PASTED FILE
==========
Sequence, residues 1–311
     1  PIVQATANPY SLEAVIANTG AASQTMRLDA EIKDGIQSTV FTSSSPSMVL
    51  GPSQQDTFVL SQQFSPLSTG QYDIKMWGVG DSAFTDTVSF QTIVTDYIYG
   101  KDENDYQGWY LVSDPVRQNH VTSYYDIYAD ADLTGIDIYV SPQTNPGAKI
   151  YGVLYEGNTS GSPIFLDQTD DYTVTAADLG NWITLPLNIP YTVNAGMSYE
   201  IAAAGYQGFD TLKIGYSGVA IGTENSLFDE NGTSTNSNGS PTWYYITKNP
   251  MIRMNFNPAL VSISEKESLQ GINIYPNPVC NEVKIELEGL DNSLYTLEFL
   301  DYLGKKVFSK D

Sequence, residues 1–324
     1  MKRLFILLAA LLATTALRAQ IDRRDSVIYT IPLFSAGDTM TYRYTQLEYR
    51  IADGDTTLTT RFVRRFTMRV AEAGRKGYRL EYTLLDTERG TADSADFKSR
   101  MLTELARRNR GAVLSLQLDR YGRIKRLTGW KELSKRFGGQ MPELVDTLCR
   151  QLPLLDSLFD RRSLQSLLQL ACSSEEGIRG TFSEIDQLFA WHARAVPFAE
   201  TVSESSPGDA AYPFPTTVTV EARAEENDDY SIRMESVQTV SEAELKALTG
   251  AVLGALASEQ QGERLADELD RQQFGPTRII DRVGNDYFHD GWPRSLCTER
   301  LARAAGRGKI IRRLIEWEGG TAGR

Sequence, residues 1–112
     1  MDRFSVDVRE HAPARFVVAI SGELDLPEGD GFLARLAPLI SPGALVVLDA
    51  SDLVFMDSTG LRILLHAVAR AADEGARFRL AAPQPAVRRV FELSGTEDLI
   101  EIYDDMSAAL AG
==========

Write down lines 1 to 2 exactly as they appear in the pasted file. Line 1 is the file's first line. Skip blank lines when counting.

Sequence, residues 1–311
     1  PIVQATANPY SLEAVIANTG AASQTMRLDA EIKDGIQSTV FTSSSPSMVL